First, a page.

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Home  >  AI Programs  >  OSound programs

OSound programs

How does an artificial mind sound like?

Below are several samples from the processes of the inner matrix of the OtoomCM program, followed by an explanation.

The program OSound comes in three versions, OSound1, OSound2 and OSound3. All are a derivation from OtoomCM so that the necessary data files can be written, and they can be downloaded together with their manual and three other programs that are used to produce a midi file. See the manuals for the full instructions.

OSound1: in auto mode only up to 5 separate inputs via the input file are possible; the manual mode has no input limits.

OSound2: in auto mode an entire text can be read in via the input file; the manual mode has no input limits either. The text file a.txt includes the beginning of the Introduction to Bertrand Russell's History of Western Philosophy (Routledge, 2000, p.13). Note: use the other programs packed with this version for further processing, not those from version 1.

OSound3: in this version three display areas can be saved as bitmap files during processing, and together with the resulting midi sound file can be used to make a video showing the progress in visual and auditory format. These areas are, the entire screen area (minus the menu section), the node states display area, and the output display area.

 

Some sample outputs from OSound1:

aw-10-1 100 matrix nodes, 10 cycles, playing time 1min 41sec:
4g-navplaysound.jpg

cello, clarinet, flute, oboe, acoustic grand piano, bright acoustic piano

aw-10-7 100 matrix nodes, 10 cycles, playing time 1min 41sec:
4g-navplaysound.jpg

synth lead 6, synth pad 1, shakuhachi, synth pad 3, synth pad 4, synth tom, xylophone

bw-10-2 100 matrix nodes, 10 cycles, playing time 1min 41sec:
4g-navplaysound.jpg

cello, clarinet, flute, english horn, viola, violin

aw-15-6 210 matrix nodes, 15 cycles, playing time 1min 36sec:
4g-navplaysound.jpg

draw organ, percussive organ, music box, goblin, ice rain, bottle blow, glockenspiel

aw-20-5 210 matrix nodes, 20 cycles, playing time 1min 36sec:
4g-navplaysound.jpg

ooh choir, distortion guitar, guitar fret noise, pizzicato strings, koto, glockenspiel, woodblock

m1 manual mode, 20 cycles, playing time 0min 24sec:
4g-navplaysound.jpg

ooh choir, distortion guitar, guitar fret noise, pizzicato strings, koto, glockenspiel, woodblock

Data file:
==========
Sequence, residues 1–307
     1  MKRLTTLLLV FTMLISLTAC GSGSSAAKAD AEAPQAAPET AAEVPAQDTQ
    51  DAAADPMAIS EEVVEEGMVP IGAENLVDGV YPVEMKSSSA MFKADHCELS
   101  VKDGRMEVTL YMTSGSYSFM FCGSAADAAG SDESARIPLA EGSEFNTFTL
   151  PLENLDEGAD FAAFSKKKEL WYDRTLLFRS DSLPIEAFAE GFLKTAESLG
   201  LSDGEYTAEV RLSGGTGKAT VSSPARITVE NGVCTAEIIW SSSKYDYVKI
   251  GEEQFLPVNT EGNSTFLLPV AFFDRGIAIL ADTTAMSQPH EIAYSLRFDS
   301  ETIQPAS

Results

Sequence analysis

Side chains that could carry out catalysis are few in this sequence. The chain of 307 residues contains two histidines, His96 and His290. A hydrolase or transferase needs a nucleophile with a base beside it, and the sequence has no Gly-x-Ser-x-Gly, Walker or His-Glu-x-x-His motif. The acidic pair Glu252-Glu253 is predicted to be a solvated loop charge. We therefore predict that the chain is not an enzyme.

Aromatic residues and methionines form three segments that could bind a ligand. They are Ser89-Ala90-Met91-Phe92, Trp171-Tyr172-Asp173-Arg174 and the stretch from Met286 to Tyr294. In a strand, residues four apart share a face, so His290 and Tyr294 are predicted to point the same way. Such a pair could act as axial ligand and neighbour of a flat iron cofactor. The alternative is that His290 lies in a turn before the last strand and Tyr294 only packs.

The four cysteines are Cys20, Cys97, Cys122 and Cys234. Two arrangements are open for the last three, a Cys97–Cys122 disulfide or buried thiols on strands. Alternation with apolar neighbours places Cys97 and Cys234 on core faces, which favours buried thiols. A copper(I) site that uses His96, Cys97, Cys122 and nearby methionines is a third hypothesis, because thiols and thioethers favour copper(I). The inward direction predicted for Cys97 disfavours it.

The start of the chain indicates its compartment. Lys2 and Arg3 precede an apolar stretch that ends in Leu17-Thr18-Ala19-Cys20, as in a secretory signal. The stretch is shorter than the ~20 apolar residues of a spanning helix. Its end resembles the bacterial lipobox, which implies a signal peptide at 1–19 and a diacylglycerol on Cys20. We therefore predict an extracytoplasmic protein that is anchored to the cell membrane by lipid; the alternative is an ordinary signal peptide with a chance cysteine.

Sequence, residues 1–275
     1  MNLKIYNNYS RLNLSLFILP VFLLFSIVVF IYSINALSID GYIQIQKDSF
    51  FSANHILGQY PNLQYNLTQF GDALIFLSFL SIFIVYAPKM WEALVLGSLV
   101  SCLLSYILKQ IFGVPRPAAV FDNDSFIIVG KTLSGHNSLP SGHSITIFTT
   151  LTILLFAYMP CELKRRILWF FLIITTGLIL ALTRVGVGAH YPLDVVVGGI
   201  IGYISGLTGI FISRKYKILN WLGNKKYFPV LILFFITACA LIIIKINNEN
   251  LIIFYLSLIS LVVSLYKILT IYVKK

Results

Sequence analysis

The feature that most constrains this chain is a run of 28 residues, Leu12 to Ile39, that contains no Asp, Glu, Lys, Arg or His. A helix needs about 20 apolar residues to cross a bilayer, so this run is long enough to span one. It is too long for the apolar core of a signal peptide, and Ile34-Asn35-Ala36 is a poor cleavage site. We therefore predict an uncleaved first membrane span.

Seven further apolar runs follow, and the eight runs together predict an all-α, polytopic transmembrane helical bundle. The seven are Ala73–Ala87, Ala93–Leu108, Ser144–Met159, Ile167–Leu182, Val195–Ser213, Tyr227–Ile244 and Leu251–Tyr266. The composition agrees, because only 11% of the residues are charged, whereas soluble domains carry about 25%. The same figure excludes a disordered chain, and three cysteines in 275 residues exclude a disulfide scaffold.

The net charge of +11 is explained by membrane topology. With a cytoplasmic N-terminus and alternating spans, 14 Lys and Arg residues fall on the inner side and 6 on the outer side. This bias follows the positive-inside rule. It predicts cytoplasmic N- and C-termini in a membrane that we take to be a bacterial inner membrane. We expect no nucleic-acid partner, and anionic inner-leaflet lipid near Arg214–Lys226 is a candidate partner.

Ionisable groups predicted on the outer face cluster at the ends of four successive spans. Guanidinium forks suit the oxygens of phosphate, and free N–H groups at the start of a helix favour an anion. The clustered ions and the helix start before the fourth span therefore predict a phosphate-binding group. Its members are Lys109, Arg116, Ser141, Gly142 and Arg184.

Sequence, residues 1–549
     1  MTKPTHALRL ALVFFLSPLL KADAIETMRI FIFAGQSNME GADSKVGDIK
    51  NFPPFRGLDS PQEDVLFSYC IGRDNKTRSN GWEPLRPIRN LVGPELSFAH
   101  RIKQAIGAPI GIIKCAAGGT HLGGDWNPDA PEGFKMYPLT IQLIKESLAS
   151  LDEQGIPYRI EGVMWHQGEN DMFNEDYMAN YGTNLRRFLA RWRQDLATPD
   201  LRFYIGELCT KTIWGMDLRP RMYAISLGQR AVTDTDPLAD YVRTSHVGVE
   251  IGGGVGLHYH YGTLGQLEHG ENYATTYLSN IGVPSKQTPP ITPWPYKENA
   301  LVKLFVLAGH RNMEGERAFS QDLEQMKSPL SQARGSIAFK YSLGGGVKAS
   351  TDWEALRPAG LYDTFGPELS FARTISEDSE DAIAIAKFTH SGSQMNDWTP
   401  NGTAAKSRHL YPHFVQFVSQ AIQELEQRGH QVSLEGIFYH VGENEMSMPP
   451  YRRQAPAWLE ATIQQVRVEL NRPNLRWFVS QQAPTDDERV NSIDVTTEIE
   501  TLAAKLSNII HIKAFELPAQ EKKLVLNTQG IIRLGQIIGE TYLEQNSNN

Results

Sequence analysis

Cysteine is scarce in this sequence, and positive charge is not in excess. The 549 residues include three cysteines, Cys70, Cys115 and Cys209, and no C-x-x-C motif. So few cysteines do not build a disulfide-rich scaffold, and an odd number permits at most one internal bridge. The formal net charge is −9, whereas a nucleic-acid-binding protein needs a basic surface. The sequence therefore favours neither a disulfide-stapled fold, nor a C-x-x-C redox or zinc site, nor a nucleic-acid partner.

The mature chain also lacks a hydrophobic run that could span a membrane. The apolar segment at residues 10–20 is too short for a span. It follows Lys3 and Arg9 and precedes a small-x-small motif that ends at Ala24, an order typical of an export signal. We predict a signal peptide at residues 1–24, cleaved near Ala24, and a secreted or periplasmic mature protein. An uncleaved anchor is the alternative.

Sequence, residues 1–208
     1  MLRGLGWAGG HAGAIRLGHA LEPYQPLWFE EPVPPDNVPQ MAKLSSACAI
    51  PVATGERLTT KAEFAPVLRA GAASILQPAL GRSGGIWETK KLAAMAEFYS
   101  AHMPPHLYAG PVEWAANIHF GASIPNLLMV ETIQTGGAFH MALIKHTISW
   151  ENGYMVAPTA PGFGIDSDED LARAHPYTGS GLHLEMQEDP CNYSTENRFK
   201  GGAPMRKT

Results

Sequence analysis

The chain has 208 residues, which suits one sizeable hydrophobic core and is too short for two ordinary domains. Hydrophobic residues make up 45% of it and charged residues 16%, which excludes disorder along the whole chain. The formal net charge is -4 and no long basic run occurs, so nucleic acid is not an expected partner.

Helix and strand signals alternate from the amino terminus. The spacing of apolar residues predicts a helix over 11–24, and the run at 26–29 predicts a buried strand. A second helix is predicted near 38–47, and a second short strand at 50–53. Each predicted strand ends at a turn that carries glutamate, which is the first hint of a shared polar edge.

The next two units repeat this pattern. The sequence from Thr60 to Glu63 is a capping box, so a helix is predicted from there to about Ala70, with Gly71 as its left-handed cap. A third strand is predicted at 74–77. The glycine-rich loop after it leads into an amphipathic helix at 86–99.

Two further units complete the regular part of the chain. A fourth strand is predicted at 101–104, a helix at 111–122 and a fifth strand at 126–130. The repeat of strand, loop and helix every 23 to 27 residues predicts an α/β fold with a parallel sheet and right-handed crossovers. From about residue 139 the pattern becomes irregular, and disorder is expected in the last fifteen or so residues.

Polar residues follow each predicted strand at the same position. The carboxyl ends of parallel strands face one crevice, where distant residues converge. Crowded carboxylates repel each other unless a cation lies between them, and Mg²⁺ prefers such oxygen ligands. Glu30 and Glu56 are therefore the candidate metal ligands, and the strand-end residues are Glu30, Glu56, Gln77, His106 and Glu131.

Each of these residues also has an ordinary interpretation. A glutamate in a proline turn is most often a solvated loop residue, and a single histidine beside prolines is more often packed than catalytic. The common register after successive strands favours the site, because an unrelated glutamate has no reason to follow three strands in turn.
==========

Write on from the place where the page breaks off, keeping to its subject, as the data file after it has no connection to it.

Comparative sample outputs from OSound2:

b1-2 64 matrix nodes, 64 element matrix nodes, 1600 cycles, playing time 2 min 6 sec:
4g-navplaysound.jpg

cello, clarinet, flute, oboe, acoustic grand piano, bright acoustic piano

b2-2 144 matrix nodes, 144 element matrix nodes, 1600 cycles, playing time 4 min 46 sec:
4g-navplaysound.jpg

cello, clarinet, flute, oboe, acoustic grand piano, bright acoustic piano

 

Comparative sample outputs from OSound3:

Text used - 'a' file group:
Single letters in a certain order. This is a plain text file used to test OSound under several conditions.

Text used - 'b' file group:
Same words with various repetitions of the letters:
TTTThhiiiiiiiiissssssssssssss iiis aaaaaaaaaaaaaaaaaaaaaaaapppppllllllllllaaaiiiiiiiinnnnnnnnnnnnnnn ttteeeeeeeeeeexxxxtttttttttt ffiiiiiiiiiiiiiiileeeeeeeee uuussssseeeeeeddddddd ttooo ttttteeeeeeeeeesssssssssssssssssssstttttttttttttttttttt OOOOOOOOOOOOOOOOOOOOOOOSSSSSSSSSSSSSSSSSSSSSSSSSSSSSSSSSSSSooooooooo.
oooooooooooooooooooouuuuuuuuuuuuuuuuuuuuuunnnnnnnnnnnnnnnndddddddddddddd uuundddddddddddddeeeeerrrrrrrrrrrr ssssssssssseeevvvvvvvvvverrrrrrrrrraaaaaaaaaaaaaaaalllllllllll ccccccccccccccccccccccooooooooooooooonnnnnnnnnnnnnnnnnnnnnnnnnnnnnnnn -no space!- ddddddddddddddii.
iitttttioooooooooooooonnnnnnnnnssssssssssss.

NOTE: The sound has been mastered to increase the gain; the 'background' noise from the entire matrix can be heard better.

am3_n 49 matrix nodes, 49 element matrix nodes, 72 cycles, node states display area.
Instruments used are, cello, viola, violin, acoustic grand piano, bright acoustic grand piano.

 

am3_o 49 matrix nodes, 49 element matrix nodes, 72 cycles, output display area.
Instruments used are, cello, viola, violin, acoustic grand piano, bright acoustic grand piano.

 

bn5_n 100 matrix nodes, 49 element matrix nodes, 718 cycles, node states display area.